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Changing your body won't automatically change your body image

We all deal with the struggles of our body not meeting either our own ideal or the ideals dictated to us by society. At one time or another, we’ve all said some pretty horrible things about our bodies. But I’m willing to bet that we’ve all said some pretty incredible things about our bodies, too. Our relationships with our bodies are incredibly complicated. Whether we feel content with our appearance and not in our ability or vice versa, we often wrestle with what changes we could make to our bodies that would leave us feeling more satisfied.

But the thing is, even if you make a radical physical change to your body it isn’t going to simultaneously change the way you feel or see yourself. Our self-esteem and body image are actual relationships that grow and change similarly to interpersonal relationships. But they don’t just shift to line up with major changes in our body, for better or for worse.

Physical change doesn’t guarantee mental change

A universal experience noted through articles and interviews on this topic is that regardless of which way your body has changed, it takes a long time for your mental picture of your body to change. For some people, no matter how long their body has been changed they will always struggle to see their body the way it currently looks in the mirror — they still see their body the way it was before it changed. This is just one of the impacts of radical body change that we seldom talk about. Another taboo impact is that more often than not your new body may not be what you expect, and you may experience body dysphoria and depression along your journey.

A vast majority of these conscious transformations are to lose weight. Some people choose to do so because their bodies are no longer feeling as spry or capable, some choose to lose weight to better align their bodies with the standards of good health, and some people choose to lose weight to feel more beautiful in a societally normative way. And sometimes people go through these changes to lose weight and determine that the changes aren’t actually meaningful or worthwhile in their life.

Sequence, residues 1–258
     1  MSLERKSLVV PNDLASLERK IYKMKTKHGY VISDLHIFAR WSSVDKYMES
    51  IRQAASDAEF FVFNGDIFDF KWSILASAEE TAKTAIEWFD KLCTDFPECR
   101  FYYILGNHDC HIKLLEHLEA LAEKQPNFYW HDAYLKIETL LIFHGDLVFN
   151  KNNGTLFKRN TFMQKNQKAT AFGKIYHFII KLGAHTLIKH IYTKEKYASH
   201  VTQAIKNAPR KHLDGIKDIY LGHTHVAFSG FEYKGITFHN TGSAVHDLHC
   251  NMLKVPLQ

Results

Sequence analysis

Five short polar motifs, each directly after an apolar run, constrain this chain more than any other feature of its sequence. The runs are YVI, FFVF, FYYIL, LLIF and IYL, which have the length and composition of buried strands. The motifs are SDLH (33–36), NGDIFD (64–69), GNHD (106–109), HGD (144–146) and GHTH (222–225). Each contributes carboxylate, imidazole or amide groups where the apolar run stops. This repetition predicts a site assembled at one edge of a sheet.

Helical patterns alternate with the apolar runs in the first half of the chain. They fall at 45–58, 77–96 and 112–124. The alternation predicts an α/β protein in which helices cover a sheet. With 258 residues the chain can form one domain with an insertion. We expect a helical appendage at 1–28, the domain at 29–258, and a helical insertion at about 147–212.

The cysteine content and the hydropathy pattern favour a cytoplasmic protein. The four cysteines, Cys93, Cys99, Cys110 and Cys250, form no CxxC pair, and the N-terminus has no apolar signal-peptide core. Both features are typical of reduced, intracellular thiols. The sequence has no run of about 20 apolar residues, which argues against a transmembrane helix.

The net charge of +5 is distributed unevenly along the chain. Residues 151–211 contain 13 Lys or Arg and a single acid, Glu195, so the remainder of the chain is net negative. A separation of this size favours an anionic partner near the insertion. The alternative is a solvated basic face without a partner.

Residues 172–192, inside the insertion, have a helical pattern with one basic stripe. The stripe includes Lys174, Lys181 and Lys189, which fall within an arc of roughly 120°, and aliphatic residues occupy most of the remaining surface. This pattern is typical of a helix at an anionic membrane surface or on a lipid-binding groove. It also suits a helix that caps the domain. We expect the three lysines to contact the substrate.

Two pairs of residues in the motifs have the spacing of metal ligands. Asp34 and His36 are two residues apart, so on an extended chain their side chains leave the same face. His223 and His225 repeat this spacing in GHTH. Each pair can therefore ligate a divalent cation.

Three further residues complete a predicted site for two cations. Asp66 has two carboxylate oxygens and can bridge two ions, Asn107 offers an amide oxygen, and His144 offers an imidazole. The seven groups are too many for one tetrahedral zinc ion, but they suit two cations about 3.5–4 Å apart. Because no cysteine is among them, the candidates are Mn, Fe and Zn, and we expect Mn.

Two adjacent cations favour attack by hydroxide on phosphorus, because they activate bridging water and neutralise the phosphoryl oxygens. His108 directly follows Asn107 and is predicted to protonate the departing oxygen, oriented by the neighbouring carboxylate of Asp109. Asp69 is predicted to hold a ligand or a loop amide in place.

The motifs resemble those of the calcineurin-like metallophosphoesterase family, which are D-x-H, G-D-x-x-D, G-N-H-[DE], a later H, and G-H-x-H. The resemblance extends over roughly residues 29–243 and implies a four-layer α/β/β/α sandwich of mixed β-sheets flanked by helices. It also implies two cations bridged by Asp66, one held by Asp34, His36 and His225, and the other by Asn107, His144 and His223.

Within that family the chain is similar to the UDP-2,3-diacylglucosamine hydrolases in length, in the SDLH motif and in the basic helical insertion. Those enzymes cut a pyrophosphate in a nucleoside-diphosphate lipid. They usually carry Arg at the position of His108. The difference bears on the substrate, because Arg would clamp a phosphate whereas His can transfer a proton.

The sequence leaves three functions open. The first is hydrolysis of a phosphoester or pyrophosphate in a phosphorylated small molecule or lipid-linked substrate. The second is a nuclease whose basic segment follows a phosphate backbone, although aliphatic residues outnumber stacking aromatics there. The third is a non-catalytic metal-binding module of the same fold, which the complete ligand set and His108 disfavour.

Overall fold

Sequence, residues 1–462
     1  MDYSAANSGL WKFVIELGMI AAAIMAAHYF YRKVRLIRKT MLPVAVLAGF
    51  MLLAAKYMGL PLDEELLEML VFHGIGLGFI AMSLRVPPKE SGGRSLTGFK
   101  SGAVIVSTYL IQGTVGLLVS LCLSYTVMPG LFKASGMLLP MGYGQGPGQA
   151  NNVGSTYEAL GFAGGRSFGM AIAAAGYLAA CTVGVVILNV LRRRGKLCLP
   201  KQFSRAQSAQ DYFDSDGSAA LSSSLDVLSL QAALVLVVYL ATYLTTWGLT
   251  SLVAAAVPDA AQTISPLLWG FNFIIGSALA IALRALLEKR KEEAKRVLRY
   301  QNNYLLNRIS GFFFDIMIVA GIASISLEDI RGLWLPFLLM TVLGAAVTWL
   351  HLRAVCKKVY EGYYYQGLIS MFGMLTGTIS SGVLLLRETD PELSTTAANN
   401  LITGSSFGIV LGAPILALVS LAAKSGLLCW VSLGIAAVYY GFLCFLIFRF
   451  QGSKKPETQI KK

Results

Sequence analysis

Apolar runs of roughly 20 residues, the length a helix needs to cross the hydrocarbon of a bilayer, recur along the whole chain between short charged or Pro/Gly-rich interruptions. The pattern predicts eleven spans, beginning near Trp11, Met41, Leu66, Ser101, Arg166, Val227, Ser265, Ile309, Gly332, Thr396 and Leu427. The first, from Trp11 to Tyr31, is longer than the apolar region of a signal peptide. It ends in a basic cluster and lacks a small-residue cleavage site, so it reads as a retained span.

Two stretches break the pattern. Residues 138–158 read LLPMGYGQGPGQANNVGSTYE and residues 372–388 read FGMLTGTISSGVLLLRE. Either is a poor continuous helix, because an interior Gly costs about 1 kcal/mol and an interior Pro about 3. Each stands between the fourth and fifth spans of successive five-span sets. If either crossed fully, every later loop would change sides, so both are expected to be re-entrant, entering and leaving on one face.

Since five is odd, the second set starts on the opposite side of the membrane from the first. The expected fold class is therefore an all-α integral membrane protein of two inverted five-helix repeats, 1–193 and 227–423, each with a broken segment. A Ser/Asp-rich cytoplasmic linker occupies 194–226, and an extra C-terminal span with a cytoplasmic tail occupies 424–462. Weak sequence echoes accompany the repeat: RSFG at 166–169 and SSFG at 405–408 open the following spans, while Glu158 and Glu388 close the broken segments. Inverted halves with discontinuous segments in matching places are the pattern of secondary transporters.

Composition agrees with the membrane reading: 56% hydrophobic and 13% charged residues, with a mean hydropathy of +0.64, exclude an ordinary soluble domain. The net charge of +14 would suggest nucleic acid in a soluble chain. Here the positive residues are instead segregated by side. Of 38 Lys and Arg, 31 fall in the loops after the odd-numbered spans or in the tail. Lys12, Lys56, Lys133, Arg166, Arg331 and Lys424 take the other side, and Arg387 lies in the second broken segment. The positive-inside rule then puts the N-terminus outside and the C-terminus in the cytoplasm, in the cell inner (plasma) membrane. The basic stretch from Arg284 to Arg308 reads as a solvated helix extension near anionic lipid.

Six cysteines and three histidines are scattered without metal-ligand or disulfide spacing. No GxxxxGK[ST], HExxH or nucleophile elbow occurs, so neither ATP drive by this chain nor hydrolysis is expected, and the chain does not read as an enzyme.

Weight loss surgery and life afterward

I interviewed a couple of friends who made the decision to do weight loss surgery in an effort to radically change their bodies and help them better align with the lives they wanted to live. We’ll call them Evelyn and Suzie.

Evelyn is a trained martial artist who used to crush it in the collegiate and recreational rings. At her heaviest, she was still an incredibly strong athlete and incredibly comfortable and confident in her body. Seven years ago, shortly before she became pregnant with her first child she found out that she had sleep apnea, high blood pressure, and was pre-diabetic. After she had her son she was a single mom who wanted to “live forever for [her] kid.” and so she decided to lose weight and decrease the health risks she’d been diagnosed with. Despite her efforts to change her exercise and food patterns in the conventional ways, she just wasn’t seeing any weight loss results. So she and her doctor pursued weight loss surgery to help her drop the weight and reduce the risks to her body. Just two days after her surgery she no longer required her pre-diabetic medication. She continued to exercise and train in Judo, and her body lost the weight. But as she got smaller, she discovered that she was less comfortable in her body, specifically at the idea of showing her naked body to a new partner. When you undergo radical weight loss, your new body is rarely the same proportions and shape as previous, and there is also more loose skin than in the previous iteration of your body. In the last few years, she’s worked hard on her relationship with her body, has said no to Spanx, and even did a photo shoot to help her feel sexy in her new, smaller body.